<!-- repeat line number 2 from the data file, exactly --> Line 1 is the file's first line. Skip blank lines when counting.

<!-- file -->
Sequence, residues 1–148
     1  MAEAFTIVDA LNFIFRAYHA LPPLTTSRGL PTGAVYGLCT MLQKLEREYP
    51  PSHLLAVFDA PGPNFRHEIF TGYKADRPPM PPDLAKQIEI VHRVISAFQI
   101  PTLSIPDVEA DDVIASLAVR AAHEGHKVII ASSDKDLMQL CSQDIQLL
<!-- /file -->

     1  MAEAFTIVDA LNFIFRAYHA LPPLTTSRGL PTGAVYGLCT MLQKLEREYP